It is worth pondering the crux of this verse: “If you abide in me, and my words abide in you, ask whatever you will, and it shall be done for you” (John 15:7).
The crux is in the if. The if covers two conditions—“abide in me, and my words abide in you.” If you surrender to Him in general—“abide in me”—and if you obey Him in particular—“my words abide in you”—then the door is open to His everything; ask whatever you will and it shall be done for you. This is the most limiting and yet the most unlimited conception of prayer ever propounded—limited to two conditions and limited to no conditions.
He binds us and then frees us—frees us to ask anything! If you fulfill the first two conditions, then you will ask only what He would approve and will receive only what He knows is good for you—the best for you. Does God answer all prayers? Some say He does, but the answer is, no!
He cannot, by His very nature, answer prayers of those who do not abide in Him and in whom His words do not abide. They would pray apart from His spirit and whatever is apart from His spirit is apart from our good, for whatever is good in Him is good for us. His will is our weal-th and our wealth.
Here prayer is put on its highest level—every prayer prayed in the spirit of Jesus is answered. That cleanses prayer and consummates prayer. “Love God and do what you like,” could be amended: “Love Jesus Christ and ask what you like,” for you will ask the things He likes.
This cleanses prayer from all self-reference—“the answers are within you,” for they are not; they are in Him. It cleanses prayer from all “much speaking,” for you are not answered for your persistence, but by meeting these two conditions.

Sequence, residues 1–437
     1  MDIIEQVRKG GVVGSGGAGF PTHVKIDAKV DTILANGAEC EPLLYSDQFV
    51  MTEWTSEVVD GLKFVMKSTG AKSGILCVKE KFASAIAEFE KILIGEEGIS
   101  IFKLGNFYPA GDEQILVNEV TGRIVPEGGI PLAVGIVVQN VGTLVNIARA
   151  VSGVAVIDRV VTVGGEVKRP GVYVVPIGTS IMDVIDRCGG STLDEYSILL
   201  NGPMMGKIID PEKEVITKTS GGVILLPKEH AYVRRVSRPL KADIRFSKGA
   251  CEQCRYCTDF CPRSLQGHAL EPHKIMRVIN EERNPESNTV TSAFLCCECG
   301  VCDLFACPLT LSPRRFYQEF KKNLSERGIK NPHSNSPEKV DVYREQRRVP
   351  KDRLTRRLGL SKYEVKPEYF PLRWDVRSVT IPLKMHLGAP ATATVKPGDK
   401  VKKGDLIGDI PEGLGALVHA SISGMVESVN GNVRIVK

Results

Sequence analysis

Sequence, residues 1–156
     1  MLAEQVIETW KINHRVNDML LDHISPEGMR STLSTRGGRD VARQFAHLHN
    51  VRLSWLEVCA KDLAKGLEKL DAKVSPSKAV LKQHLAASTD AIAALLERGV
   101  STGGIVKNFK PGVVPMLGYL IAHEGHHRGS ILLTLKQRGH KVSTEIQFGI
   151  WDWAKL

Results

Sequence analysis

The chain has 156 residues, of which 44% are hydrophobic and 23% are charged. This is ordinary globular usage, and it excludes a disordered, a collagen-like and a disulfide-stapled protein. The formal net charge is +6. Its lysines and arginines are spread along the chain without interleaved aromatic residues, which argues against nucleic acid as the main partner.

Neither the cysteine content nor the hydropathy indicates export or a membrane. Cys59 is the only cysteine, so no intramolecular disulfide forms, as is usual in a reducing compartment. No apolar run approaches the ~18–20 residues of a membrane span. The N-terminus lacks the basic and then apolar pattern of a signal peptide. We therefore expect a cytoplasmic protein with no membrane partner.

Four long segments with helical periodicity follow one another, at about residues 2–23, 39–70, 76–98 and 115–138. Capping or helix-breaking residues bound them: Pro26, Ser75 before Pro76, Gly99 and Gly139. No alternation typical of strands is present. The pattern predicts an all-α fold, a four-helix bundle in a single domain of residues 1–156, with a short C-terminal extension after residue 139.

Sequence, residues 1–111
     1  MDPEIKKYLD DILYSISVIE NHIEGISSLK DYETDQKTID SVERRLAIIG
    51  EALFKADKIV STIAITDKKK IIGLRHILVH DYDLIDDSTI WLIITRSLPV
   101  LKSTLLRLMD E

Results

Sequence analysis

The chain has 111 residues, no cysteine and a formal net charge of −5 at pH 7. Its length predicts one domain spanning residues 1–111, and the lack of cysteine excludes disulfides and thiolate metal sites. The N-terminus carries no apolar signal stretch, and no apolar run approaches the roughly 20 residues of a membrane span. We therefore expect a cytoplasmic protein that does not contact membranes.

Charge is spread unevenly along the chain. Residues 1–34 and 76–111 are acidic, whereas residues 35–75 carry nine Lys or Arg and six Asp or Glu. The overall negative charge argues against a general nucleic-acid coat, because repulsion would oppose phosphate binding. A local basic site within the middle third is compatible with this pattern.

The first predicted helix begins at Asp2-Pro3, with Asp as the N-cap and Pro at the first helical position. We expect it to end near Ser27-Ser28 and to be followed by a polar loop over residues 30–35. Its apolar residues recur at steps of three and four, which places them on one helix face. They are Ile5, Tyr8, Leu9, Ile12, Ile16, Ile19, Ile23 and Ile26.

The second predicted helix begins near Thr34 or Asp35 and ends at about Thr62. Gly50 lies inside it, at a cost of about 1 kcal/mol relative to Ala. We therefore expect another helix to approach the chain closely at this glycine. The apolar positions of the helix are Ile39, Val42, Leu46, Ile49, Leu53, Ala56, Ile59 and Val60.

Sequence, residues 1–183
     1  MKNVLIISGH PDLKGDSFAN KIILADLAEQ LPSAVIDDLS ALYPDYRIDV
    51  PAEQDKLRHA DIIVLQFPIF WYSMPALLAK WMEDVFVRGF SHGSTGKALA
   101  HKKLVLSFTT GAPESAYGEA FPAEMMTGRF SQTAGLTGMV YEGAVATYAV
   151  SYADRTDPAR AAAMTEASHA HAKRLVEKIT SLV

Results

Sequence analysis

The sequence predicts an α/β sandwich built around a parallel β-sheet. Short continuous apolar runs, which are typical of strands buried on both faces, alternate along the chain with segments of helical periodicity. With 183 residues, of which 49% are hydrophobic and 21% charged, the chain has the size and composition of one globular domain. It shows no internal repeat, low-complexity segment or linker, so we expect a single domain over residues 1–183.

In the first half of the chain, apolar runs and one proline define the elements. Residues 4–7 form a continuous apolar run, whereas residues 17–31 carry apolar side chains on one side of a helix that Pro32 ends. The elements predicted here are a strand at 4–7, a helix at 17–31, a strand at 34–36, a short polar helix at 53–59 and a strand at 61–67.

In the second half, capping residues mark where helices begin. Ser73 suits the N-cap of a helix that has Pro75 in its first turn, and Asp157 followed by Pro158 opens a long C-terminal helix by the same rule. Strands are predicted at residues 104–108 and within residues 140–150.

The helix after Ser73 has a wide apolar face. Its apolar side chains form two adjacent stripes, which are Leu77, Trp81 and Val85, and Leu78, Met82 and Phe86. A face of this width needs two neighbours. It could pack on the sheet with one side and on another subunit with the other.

Pray this today: O Master of my heart, Thou hast opened the gates to Thy everything. I am free to ask the highest, and the highest is free for the asking. I am rich beyond measure, for everything good for me is open to me. Prayer is possibility. Amen.
Affirm this today: I do not want God to answer my prayers; I want my prayers to answer to God’s will.
In a highly anticipated reprint of In Christ: Devotions for Every Day of the Year, E. Stanley Jones does a thorough study of the 172 times the phrase, “In Christ” or its equivalent is found in the New Testament. Centering on the theme of being in Christ and what that means for daily living, its meditations ring as true in our modern day as they did when it was originally written more than 50 years ago. Get it from our store here.
Would you like to learn more about prayer? [WATCH] Peter Greig talk about how to pray when you just don’t feel like it; [PURCHASE] Our Field Guide to Daily Prayer booklet which can help sustain you throughout the day; [READ] Andrew Thompson writes on how prayer figures into our daily discipleship; [READ] Andrew Thompson shares four kinds of prayer in which every Christian can easily engage.